Youth in Asia?
It was 1978. The teaching assistant of my Russian Literature seminar entered the room. He sat down at the table and said, “Today we are going to talk about youth in Asia.” My classmates and I looked at one another, puzzled. Sensing our confusion, he stood up and wrote ‘euthanasia’ on the chalkboard. “Mercy-killing,” he said. The debate was on. More than three decades later, the debate is heating up.
Last week, the Royal Society of Canada (RSC) released its report, “End-of-life decision making.” The Parliamentary Committee on Palliative and Compassionate Care also released its report. And, there is presently a legal challenge before the Supreme Court of British Columbia that seeks to decriminalize euthanasia.
Link to RSC report: http://www.rsc.ca/creports.php
Link to Parliamentary Commiteee Report:
Euthanasia, an act of compassion or moral confusion?
Euthanasia, which literally means “a good death,” has come to be defined as “the intentional killing by act or omission of a dependent human being for his or her alleged benefit.”
The proponents of euthanasia seem to value life, just as those opposed to it do. At the heart of the push for the decriminalization of euthanasia is the desire to ease suffering for the dying or the terminally ill and their family. Some would argue that euthanasia is a compassionate action because the elimination of suffering helps people experience a good death.
But, enshrining euthanasia in law is a dangerous path for a society tread. It can lead to the slippery slope of moral confusion regarding the value of a particular individual’s life. Who decides when a person’s life no longer has value or meaning? Who judges the quality of that life, and on what criteria?
The RSC report recommends that Canada adopt a “permissive yet carefully regulated and monitored system with respect to assisted death.” Based on evidence from other countries, the RSC dismisses the slippery slope argument. The report states that the decriminalization of euthanasia is not a threat to vulnerable people, nor does it lead to non-voluntary or involuntary euthanasia.
These two claims are debatable. The experience of the Netherlands, where voluntary euthanasia has been legal since 1984, suggests otherwise. In 1999, the “Journal of Medical Ethics” published a paper reflecting on the results of a 1995 survey of physicians. The survey found that in 20%, or 900 of 4,500 reported cases, patients did not request or consent to having their life ended. Some of these patients were mentally competent at the time of their death, while others were not. In two-thirds of these cases, the patient and physician had never even discussed euthanasia as a possibility.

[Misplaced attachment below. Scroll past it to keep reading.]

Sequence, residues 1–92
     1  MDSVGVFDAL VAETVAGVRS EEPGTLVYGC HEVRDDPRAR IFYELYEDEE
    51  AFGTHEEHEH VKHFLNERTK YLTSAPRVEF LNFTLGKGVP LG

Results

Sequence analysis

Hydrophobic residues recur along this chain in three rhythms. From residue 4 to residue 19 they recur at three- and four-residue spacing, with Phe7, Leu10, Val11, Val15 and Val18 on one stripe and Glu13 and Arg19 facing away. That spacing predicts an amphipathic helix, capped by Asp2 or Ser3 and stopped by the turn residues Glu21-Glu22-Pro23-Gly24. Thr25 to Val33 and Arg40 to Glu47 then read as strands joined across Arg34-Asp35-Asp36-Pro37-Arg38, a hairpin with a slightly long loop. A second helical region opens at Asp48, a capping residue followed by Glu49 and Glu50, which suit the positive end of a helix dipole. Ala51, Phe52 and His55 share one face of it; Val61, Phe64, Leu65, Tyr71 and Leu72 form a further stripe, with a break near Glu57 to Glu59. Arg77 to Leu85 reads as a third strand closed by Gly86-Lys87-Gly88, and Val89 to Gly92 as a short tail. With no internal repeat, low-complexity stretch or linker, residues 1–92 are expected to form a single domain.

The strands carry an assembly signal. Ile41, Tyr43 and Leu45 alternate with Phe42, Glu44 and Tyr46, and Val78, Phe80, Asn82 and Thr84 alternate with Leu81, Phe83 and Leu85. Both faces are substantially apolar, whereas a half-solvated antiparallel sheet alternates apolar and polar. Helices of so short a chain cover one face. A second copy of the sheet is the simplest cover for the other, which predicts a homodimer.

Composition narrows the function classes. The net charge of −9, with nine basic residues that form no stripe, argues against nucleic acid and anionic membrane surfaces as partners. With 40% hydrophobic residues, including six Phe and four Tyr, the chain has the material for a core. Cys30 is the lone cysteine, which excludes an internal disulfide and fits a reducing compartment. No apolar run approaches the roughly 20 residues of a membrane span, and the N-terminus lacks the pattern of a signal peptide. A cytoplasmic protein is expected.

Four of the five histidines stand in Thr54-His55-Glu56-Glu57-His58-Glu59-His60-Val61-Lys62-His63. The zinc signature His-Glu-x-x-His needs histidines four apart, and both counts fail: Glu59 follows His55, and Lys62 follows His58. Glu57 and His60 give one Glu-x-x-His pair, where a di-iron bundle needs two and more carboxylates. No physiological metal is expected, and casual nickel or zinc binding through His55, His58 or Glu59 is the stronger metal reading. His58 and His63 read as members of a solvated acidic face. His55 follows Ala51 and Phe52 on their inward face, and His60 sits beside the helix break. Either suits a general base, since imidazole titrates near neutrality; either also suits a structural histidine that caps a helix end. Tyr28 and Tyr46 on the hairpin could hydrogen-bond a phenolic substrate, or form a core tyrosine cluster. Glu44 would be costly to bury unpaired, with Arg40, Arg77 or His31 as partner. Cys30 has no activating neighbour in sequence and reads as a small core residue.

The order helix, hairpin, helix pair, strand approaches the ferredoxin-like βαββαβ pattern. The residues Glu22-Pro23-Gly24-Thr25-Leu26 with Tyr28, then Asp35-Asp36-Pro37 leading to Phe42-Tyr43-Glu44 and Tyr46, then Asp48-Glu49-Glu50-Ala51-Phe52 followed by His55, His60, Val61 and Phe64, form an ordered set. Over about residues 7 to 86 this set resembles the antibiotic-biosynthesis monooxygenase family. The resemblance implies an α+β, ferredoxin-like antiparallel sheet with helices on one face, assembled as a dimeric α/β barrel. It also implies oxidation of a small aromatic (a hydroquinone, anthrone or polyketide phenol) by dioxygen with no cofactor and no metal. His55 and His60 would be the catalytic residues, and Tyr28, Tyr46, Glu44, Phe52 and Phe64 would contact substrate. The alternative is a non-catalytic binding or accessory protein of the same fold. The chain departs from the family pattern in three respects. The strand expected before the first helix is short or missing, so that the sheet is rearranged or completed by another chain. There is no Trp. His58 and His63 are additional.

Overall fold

The study also revealed that physicians withheld or withdrew life-prolonging treatment in 41 % of 1000 cases of infants under one year of age because they felt the baby’s life would be unbearable. In 20% of these cases, parents were not consulted.
The paper concluded that “the practice of voluntary euthanasia remained beyond effective control,” despite regulated guidelines and the duty to report enshrined in law. Although it was illegal, physicians were carrying out involuntary and non-voluntary euthanasia.
The physicians surveyed were not bad, evil people. They believed they were acting in the best interests of their patients. They were deciding which human life had value, meaning, and quality.
A study published in 2010 in the "Canadian Medical Journal" looked at physician-assisted deaths in Belgium, where voluntary euthanasia has been legal since 2002. That study also found that involuntary and non-voluntary euthanasia was occurring.
Dutch Physicians Association
The Dutch Physicians Association (KNMG) released a position paper on euthanasia this fall. The KNMG paper recommends that non-medical reasons, like loneliness or financial difficulties, should qualify a person for euthanasia. The rationale is that non-medical factors also cause unbearable suffering and affect an individual’s quality of life.
It's a slippery slope
All of this points to moral confusion; the slope seems slippery to me.
In the Christian worldview, life is sacred from conception to natural death. End-of-life decisions flow from this premise. Ordinary medical interventions and treatments must always be taken to preserve life. Therapies that deliver compassionate and palliative care are essential to preserving the dignity of the dying person and contributing to a good death.
The RSC report acknowledges that Canadians are not preparing adequately for death, and that quality palliative care is not readily available. The Parliamentary Committee Report makes recommendations for establishing a national system of compassionate and palliative care. This is the direction in which we should be moving.
If we want to avoid the slippery slope, we need to choose a path based on the spiritual principle that life is sacred, from conception to natural death.